Gifted and Vague
By Lesley K Sword,
Recently a friend who works with gifted children came to visit. He started telling us about the children he works with but soon the conversation switched to himself. His boss has been complaining about his perceived lack of organisation. She is very neat and tidy, plans her day in detail and has a place for everything. She says that he is vague and often appears not “with it”. This struck a chord in me and has prompted me to share some observations from my own experience and from my work with gifted adolescents and adults.
I have always been “vague”. I am now over 50 and my mother still tells stories of how I always lost my coat when I was young: she was forever finding it or replacing it. My husband complains that “for someone so intelligent, how come I have to tell you things so many times?” At a recent course I listened intently to the teacher explaining the group task, only to form my group and say ”what was it he told us to do?”
If you are the parent or teacher of a gifted child, does this sound familiar? Are you frustrated beyond belief by an extremely intelligent child who has difficulty with the practical things of life and who often seems to be somewhere else? Have you ever wondered what is going on with these children?
It seems that vagueness is associated with extremely high intelligence and an introverted personality type. The nature of introversion is that people with this personality type process the world and what is happening in it through themselves and their own experience. This is rather like having a large 3 dimensional theoretical framework of who I am and my personal life experience in my head. Everything I experience in the world outside myself is taken in and compared and contrasted with what I already know and have experienced. If it has a logical and meaningful place in my framework I slot it in. If it doesn’t, I play around intellectually with it and my framework; adjusting or altering both the experience and the framework to make the experience meaningful to me and to preserve the integrity of my framework. This way of operating necessitates withdrawal from the world into myself for however long the process takes. While the process is occurring I simply do not take in further information from the outside world. So I appear vague and "not with it" for a period of time.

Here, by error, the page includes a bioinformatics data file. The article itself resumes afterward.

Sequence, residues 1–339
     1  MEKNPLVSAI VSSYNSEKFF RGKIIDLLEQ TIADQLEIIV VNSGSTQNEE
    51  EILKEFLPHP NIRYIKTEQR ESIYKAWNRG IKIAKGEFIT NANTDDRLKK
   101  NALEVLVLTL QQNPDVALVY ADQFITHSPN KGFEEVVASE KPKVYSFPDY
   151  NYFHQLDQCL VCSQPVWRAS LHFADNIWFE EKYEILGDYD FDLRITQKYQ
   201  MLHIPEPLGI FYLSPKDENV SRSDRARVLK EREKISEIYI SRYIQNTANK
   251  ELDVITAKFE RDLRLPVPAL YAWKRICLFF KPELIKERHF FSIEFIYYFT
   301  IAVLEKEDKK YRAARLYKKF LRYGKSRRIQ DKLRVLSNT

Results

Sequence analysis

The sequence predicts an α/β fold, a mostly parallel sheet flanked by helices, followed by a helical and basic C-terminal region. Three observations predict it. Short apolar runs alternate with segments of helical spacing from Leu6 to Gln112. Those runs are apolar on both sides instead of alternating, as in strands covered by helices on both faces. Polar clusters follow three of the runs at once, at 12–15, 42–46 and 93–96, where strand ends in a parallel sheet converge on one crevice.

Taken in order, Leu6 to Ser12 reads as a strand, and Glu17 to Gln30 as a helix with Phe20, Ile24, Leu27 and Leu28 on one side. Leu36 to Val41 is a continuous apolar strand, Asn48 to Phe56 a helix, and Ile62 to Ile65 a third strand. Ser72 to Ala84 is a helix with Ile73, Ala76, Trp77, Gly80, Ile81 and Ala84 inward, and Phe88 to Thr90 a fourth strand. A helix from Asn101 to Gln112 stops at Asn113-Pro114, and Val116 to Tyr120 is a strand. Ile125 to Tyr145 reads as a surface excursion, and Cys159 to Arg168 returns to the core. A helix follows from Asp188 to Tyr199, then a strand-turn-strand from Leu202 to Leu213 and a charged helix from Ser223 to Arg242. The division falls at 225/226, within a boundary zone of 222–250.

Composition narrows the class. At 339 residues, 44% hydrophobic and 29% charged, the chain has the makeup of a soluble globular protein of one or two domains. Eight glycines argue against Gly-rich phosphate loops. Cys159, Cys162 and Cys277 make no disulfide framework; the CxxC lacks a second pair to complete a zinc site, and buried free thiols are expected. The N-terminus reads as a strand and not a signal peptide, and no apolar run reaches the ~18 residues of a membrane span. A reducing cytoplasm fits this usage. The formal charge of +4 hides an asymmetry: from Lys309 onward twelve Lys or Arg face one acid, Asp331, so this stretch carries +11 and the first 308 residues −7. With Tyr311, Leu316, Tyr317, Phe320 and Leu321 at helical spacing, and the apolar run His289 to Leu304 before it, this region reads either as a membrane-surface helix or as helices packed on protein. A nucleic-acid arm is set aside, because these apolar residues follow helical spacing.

For people who have an introverted way of operating, the world inside their heads is often more interesting than the world outside. This is particularly so if they have very high intelligence.
Once an idea occurs to me or if a problem presents itself, I will play around with it in my head, making connections, trying to figure it out. Often this process occurs unconsciously and I am not aware of it. It is not until the answer pops out that I realise that part of me has been inside working on it. Of course, if what is being presented to me in the outside world is not intellectually stimulating and therefore boring, I will withdraw, again often unconsciously, into my head and provide my own intellectual challenge.
Also I am inclined to concentrate on or put effort into only those things that I decide are important. And what is going on in my head is always important to me!
Of course, this behaviour is frustrating for people who have to interact with me.
So, what can you as a parent or teacher do about it?
The first thing is to realise that we don’t grow out of it. I have been vague all my life and I am still vague. However this hasn’t stopped me from working productively for over 30 years and completing many formal courses of study. It is pointless to tell us to grow up, pull ourselves together or to exercise more self-control. If we could, we would.
Teach us organisational skills, as habits, from a very early age. After all we have the intellectual capacity to handle this. An example is that I have trained myself always to put my car keys and my purse in the same place at home to avoid driving all the people in the house crazy looking for them. Similarly, I prepare at night for the following day to ensure that I have everything I need for the day and to minimise forgetfulness. These behaviours are now habitual and I perform them without thinking about them.
When you want our attention, touch us on the shoulder and ensure that we make eye contact with you before you speak to us. In this way we will actually hear what you have said. If it is important to you that we do something, tell us so. Usually we are considerate of others and will want to please.
Above all, understand that vagueness is usually an unconscious process and that we are not going out of our way to drive you mad. At the same time do not "rescue" us from the results of the vagueness. If we forget to pick up after ourselves, don't do it for us. If we go to class without something, let us experience the consequences of our actions. We are very intelligent people and it won't take long for us to learn that we are responsible for ourselves.
Copyright Lesley K Sword
Thanks to Gifted & Creative Services Austrailia for allowing us to reproduce this article.
Disclaimer: This is not an expert site, it is run on a voluntary basis and as such is based on opinion and experience but we hope that it acts as a signpost for educational resources and other support services for Irish families with exceptionally able children. By using this website you accept that any dependence by you on such information, opinion or advice is at your own risk.